Expert Advice

Too much gluten in pregnancy linked to increased risk of diabetes for babies

Should you put down the bread?

By Rebel Wylie
A diet high in gluten during pregnancy appears to link to an increased chance of that mother's child developing type 1 diabetes according to new research out of Denmark.
Gluten is the general name for the proteins found in wheat, rye, and barley, and it's often the carbohydrates in those same foods that pregnant women are craving, so should we be worried?
Fertility and Prenatal Dietitian, Melanie McGrice says it's best not to change your diet at this point.
The study, which looked at over 67,000 pregnant women in Denmark suggests that pregnant women who eat 20g or more of gluten a day are twice as likely to have a child with type 1 diabetes than women who eat less than 7g of gluten a day.
Type 1 diabetes, once known as juvenile diabetes or insulin-dependent diabetes is a serious autoimmune condition where insulin is not produced by the pancreas. Insulin is the hormone needed to allow sugar (glucose) to enter cells to produce energy. If untreated, high blood glucose can result in problems including permanent damage to the heart and eyes.
Dr Knud Josefsen, co-author of the research from the Bartholin Institute in Copenhagen, said at this stage pregnant mothers should not be too concerned with the findings from the observational study.
"At present we don't recommend any changes in pregnant women's diets," he said.
Research showed that pregnant women who eat 20g or more gluten a day are twice as likely to have a child with type 1 diabetes than women who eat less than 7g of gluten a day.
Fertility and pre-natal dietician, Melanie McGrice agrees, noting that gluten has many benefits that should not be ignored.
"During pregnancy a lot of women crave carbohydrates, and that's fine, they should continue to eat breads, pasta, couscous and crackers," she says.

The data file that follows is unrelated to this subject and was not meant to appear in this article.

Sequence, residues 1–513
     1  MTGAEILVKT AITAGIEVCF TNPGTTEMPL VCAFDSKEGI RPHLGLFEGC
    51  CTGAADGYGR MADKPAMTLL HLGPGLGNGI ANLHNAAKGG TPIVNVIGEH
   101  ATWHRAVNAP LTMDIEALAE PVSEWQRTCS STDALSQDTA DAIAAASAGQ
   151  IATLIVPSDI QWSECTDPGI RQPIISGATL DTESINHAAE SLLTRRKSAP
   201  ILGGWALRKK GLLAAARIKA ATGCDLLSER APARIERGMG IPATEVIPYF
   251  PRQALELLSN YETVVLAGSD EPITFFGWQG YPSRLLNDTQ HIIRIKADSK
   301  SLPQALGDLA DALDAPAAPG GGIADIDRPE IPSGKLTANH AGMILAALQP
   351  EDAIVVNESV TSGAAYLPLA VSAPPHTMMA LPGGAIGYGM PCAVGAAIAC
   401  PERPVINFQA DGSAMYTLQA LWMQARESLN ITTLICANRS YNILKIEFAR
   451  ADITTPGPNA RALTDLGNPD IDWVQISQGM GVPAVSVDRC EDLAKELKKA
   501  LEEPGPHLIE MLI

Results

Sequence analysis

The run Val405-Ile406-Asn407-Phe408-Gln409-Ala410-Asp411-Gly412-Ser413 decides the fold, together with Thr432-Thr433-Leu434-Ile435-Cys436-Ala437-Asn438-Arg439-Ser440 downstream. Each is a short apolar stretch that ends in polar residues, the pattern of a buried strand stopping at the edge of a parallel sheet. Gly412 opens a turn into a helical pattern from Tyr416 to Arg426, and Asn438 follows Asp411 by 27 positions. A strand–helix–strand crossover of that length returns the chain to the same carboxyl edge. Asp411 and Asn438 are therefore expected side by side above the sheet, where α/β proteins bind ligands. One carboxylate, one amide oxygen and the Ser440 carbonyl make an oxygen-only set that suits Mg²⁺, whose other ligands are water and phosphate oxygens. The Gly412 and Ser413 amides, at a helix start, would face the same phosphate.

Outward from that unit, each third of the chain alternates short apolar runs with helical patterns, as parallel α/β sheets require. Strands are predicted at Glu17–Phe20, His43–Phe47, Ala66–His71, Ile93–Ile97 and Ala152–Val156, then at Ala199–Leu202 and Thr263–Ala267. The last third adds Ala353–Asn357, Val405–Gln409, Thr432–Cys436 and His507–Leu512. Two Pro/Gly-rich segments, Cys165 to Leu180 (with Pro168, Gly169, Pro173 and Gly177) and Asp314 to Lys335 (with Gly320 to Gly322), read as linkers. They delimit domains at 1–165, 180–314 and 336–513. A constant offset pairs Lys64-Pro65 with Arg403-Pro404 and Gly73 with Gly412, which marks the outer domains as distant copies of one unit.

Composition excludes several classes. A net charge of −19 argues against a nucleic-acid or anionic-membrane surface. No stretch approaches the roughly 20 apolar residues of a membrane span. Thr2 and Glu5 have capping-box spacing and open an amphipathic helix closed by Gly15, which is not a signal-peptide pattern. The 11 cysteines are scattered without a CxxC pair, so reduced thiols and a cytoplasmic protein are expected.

"Wheat is good for gut microbiomes, and research has proven there is a strong case for women including allergens such as gluten, nuts and dairy in their diet to help reduce their child's intolerance down the track."
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To collect the data, women in the study were asked to track their diet for the four weeks from 21 weeks gestation. Researchers also took into consideration data on various other aspects of the women's health and lifestyle, as well as factors such as breastfeeding.
The results suggest that the higher a pregnant women's gluten intake, the more likely their child is to develop type 1 diabetes. However with only 247 children overall developing type 1 diabetes, firm conclusions were difficult to draw and it is clear more research needs to be conducted.
McGrice suggests that when it comes to this new information, it is best not to panic.
"Do still keep gluten in your diet," she says. "There are many known benefits and the results of this new research don't yet warrant any significant changes take place."

Melanie McGrice’s 5 dietary tips for pregnancy:

  • Drink more water – your fluid stores increase by 150 percent during pregnancy, so not drinking enough can lead to constipation, nausea or headaches
  • Include a variety of different grains – many women crave more carbs during pregnancy, but try to include a variety of different grains, such as freekeh, brown rice, pasta and lentils, to moderate your gluten load
  • Check your vitamin D levels – research suggests that there might be a link between low vitamin D intake and an increased risk of type 1 diabetes
  • Include plenty of vegetables in your diet – a healthy gut microbiome has also been found to decrease the risk of type 1 diabetes, and vegies are one of the best foods for promoting levels of good bacteria
  • Plan your meals – without a plan, you'll struggle to get in all of the nutrients that your body needs, and will be more tempted to turn to take away